The story presented in Jet Set Radio is fun and wacky, but sends a powerful message. Initially, your Rollerblade gang, the GGs’ turf, Shibuya-cho is attacked by one of the other three rival gangs,  the Love Shockers, Poison Jam, or the Noise Tanks. It’s up to you to find out who’s messing with your turf and why, and eventually leads into a whole big ordeal about a gang of ruthless mafia-style men, the man who wants to oppress creativity and recreate Tokyo-to in his own image, and a supposedly magical record with the ability to summon demons. Ultimately the theme comes down to self-expression. The narrator of this whole conflict is none other than the hard talkin’, truth walkin’, DJ Professor K, the DJ of a pirate radio station, Jet Set Radio, who plays “nonstop, hardcore music”. He’s an incredibly cool character, and a great narrator if ever I heard one. You’ll meet many fun and memorable characters along the way.

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On-screen prompts will guide you through your graffiti.

Jet Set Radio was the first influential game to utilize a cel-shading art style. This is relatively commonplace nowadays, but back in ’99 it was unique and interesting. I’ve always adored the cel-shading style, and JSR is no exception. It really makes the whole game pop and almost have an almost comic book feel to it. The music, mainly by Japanese musical mastermind, Hideki Naganuma is incredibly catchy, and you’ll have his wacky and fun tunes trapped in your head for days. Jet Set Radio is a game that just screams ’90s, and is awfully cool and endearing.

Some would complain that the controls in Jet Set Radio don’t hold up to today’s standards. While it is true that the controls are not as fluid and that there is no free camera control, I do think it just takes a bit of getting used to. There is a tutorial mode after all, so there’s no reason not to practice a while if you don’t feel comfortable with the controls.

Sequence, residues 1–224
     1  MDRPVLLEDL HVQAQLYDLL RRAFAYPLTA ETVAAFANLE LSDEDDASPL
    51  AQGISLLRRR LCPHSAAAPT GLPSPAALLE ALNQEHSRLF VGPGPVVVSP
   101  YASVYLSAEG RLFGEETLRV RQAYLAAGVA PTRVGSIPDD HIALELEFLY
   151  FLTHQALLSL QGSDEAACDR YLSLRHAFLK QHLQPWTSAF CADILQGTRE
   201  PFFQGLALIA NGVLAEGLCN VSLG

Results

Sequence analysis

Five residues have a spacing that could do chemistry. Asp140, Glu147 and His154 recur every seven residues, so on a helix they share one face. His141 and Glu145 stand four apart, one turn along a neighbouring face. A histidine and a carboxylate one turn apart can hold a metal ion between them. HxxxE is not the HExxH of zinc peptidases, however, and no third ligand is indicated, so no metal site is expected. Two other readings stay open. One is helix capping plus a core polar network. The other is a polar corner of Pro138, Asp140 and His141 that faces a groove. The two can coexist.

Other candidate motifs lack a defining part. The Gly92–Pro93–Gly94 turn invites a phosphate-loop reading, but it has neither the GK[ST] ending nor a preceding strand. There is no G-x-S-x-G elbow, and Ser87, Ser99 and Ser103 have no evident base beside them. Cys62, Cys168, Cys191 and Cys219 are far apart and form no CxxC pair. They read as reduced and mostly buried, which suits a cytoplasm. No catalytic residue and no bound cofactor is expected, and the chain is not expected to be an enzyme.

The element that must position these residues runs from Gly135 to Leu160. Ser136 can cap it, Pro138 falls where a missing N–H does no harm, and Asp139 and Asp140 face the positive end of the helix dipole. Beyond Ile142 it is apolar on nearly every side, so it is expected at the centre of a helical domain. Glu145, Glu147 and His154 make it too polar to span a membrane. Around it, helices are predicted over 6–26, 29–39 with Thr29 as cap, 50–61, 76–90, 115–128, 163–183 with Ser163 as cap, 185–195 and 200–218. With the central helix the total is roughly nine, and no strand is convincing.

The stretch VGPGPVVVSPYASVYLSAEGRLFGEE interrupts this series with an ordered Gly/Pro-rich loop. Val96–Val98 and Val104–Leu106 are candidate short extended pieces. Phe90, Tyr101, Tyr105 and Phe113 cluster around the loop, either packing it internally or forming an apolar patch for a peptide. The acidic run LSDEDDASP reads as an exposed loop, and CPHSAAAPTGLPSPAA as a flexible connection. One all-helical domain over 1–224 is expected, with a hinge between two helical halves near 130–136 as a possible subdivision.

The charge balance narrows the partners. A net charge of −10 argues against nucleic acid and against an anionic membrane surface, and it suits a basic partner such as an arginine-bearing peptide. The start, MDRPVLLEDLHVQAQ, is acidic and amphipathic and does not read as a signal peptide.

Jet Set Radio, as stated above, initially game out on the Dreamcast at the end of ’99, and is a cult classic. It got a Gameboy Advance port, but no one really talks about that (and for good reason). It later got a sequel, (which is actually not a direct sequel, but a re-imagining) Jet Set Radio Future as a launch title on the Xbox in early 2002. The Jet Set Radio fanbase is mostly split, with a good portion preferring JSRF and the rest preferring JSR. Regardless, they are different games, with JSR being more of an action/arcade style, and JSRF being more of an adventure and exploratory game.

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Captain Onishima will stop at nothing to catch you.

While I’m in the JSR camp, both games have their own fanbases, and typically, you fall into the category of whichever you played first. In 2012, Jet Set Radio HD was released for PlayStation 3, Xbox 360, PlayStation Vita, iOS, Android, and PC, and is the definitive version of the game. The cel-shading looks great in high-definition, and there is a bonus interview video that is great for any fan of JSR to watch. Not only that, but creating your own graffiti takes up a ton of space on the Dreamcast. Even so, the graphics on Dreamcast still hold up today. The original release in NA was renamed Jet Grind Radio, pretty much only to try and sell more copies, as the Tony Hawk games were pretty popular at the time and they figured the term “grind” would get some head-turns. The original Japanese release of Jet Set Radio was actually pretty buggy and limited in comparison to what most know and love and got a re-release titled De La Jet Set Radio. There are actually a few soundtrack differences and voice actor differences between JSR and JGR, so it’s fun to play both and hear the changes.

Jet Set Radio, despite being a cult classic, is a great window into the ’90s. It shows a less complicated time of gaming, when developers took more risks and made some crazy-awesome and fun titles. Jet Set Radio is a defining moment for gamers and should be given a shot by everyone at least once.